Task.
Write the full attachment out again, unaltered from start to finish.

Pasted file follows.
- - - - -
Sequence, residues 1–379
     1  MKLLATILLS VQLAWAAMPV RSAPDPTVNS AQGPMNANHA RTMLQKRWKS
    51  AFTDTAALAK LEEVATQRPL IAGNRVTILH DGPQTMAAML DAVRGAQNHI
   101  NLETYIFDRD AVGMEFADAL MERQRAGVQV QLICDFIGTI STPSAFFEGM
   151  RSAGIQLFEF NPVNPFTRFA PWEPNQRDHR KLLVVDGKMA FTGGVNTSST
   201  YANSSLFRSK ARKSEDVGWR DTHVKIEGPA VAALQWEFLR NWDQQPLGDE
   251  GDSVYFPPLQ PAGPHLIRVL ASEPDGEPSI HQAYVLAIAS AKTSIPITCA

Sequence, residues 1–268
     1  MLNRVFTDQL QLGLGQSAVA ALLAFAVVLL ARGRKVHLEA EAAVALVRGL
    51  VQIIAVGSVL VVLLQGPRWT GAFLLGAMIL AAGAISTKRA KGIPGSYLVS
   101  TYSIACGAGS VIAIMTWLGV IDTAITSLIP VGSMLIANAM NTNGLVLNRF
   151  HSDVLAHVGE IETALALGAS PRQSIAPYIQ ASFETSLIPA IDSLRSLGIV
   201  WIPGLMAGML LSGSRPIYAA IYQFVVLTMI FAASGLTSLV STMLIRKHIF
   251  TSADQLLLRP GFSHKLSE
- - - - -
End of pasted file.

Sequence, residues 1–379
     1  MKLLATILLS VQLAWAAMPV RSAPDPTVNS AQGPMNANHA RTMLQKRWKS
    51  AFTDTAALAK LEEVATQRPL IAGNRVTILH DGPQTMAAML DAVRGAQNHI
   101  NLETYIFDRD AVGMEFADAL MERQRAGVQV QLICDFIGTI STPSAFFEGM
   151  RSAGIQLFEF NPVNPFTRFA PWEPNQRDHR KLLVVDGKMA FTGGVNTSST
   201  YANSSLFRSK ARKSEDVGWR DTHVKIEGPA VAALQWEFLR NWDQQPLGDE
   251  GDSVYFPPLQ PAGPHLIRVL ASEPDGEPSI HQAYVLAIAS AKTSIPITCA

Sequence, residues 1–268
     1  MLNRVFTDQL QLGLGQSAVA ALLAFAVVLL ARGRKVHLEA EAAVALVRGL
    51  VQIIAVGSVL VVLLQGPRWT GAFLLGAMIL AAGAISTKRA KGIPGSYLVS
   101  TYSIACGAGS VIAIMTWLGV IDTAITSLIP VGSMLIANAM NTNGLVLNRF
   151  HSDVLAHVGE IETALALGAS PRQSIAPYIQ ASFETSLIPA IDSLRSLGIV
   201  WIPGLMAGML LSGSRPIYAA IYQFVVLTMI FAASGLTSLV STMLIRKHIF
   251  TSADQLLLRP GFSHKLSE